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Accessibility: Have You Ever Encountered Double or Triple Links?

October 22, 2019

The Problem With Double Links

Screen-reader users will use the links of a page as their main points of navigation. Providing concise links without double or triple links to the same page will help your users navigate the website.

A normal product listing page will show 50 products. For each product, imagine you have three links going to the product page: one on the title of the product, one on the price, and one on the comments.

If we multiply these three links for 50 products, we get around 150 links our user will have to loop through trying to find the right product. They’ll be constantly bombarded with the same name three times in a row.

Prada has three links for each product Prada has three links for each product

This behavior is developed across many e-commerce websites. As shown here on top with the Prada website, each number is a link you’ll encounter with your screen reader.

The same thing will happen on bigger websites like Amazon, where merging or disabling a few links pointing to the same section of a product page will decrease six identical links.

Amazon has six links for each product Amazon has six links for each product

How To Fix Double Links

You have two simple ways you can choose:

  1. Disabling tabindex for adjacent image and text links
  2. Combining the adjacent image and text links

Disabling tabindex for Adjacent Image and Text Links

To remove a link from an element’s selectable elements with the tab key, you’ll have to add the code tabindex="-1".

<a href="http://foo.bar" tabindex="-1">inaccessible by tab link</a>

If the value of tabindex is a negative integer, the user agent must set the element’s tabindex focus flag but shouldn’t allow the element to be reached using sequential focus navigation, written in the HTML5 spec.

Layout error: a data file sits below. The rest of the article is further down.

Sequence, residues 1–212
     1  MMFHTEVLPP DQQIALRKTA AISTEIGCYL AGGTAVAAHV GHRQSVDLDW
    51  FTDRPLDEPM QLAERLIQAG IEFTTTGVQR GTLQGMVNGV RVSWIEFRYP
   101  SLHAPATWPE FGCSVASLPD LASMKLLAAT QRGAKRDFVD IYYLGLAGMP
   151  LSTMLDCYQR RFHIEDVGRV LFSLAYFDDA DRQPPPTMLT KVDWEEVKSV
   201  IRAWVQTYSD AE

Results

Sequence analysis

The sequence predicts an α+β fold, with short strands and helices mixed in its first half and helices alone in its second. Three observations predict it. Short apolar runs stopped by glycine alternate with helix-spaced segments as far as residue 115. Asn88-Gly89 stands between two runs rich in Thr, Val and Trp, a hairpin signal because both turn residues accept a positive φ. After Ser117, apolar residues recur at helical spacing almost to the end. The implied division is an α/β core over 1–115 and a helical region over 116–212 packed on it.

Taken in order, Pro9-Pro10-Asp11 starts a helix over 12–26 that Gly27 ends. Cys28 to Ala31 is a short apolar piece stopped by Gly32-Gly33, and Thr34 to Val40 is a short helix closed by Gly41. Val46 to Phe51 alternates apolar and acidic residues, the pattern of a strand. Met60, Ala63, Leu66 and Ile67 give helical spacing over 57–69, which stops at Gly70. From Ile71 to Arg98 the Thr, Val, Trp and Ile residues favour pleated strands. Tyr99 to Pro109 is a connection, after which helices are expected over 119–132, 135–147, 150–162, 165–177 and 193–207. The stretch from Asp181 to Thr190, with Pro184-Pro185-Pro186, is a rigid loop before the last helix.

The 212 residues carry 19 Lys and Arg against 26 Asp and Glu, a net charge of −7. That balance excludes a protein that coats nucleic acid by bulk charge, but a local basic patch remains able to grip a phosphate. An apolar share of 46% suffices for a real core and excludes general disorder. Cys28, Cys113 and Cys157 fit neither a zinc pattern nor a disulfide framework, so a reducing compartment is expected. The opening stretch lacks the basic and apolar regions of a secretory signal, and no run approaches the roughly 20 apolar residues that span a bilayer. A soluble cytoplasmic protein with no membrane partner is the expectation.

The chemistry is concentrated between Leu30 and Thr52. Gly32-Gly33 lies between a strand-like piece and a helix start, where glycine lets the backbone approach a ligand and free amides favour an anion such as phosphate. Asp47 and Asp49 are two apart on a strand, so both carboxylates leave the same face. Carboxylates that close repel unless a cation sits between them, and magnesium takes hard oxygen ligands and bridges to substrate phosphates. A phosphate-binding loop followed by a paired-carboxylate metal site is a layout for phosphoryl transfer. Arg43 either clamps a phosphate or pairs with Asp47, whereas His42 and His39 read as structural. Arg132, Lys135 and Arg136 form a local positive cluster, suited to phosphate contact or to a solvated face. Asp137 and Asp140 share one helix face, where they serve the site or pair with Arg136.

Combining Adjacent Image and Text Links

Many links have both a text and iconic representation adjacent to each other — just rendered in separate a elements.

Visually they appear to be a single link, but many users encounter them as adjacent identical links. For a keyboard user, it is tedious to navigate through redundant links.

For users of assistive technologies, it can be confusing to encounter successive identical links. When the text alternative for the icon is a duplicate of the link text, it is repetitive as screen readers read the description twice.

You can transform your code from this:

<a href="http://dope.dope">DOPE Shoe Red</a><a href="http://dope.dope"><img src="dope.png" alt="shoe red"/></a><a href="http://dope.dope">Learn more about Dope Shoe Red</a>

To this more accessible version with just a single link:

<a href="http://dope.dope">  <span>DOPE Shoe Red</span>  <img src="dope.png" alt=""/>  <p>Learn more about Dope Shoe Red</p></a>

Test your website for accessibility issues!

There are many custom product to do so like Husable that will provide you a real human test valuation of your website to discover real problems that automatic tools won’t find or discover cause you simply need a human!

References and Resources


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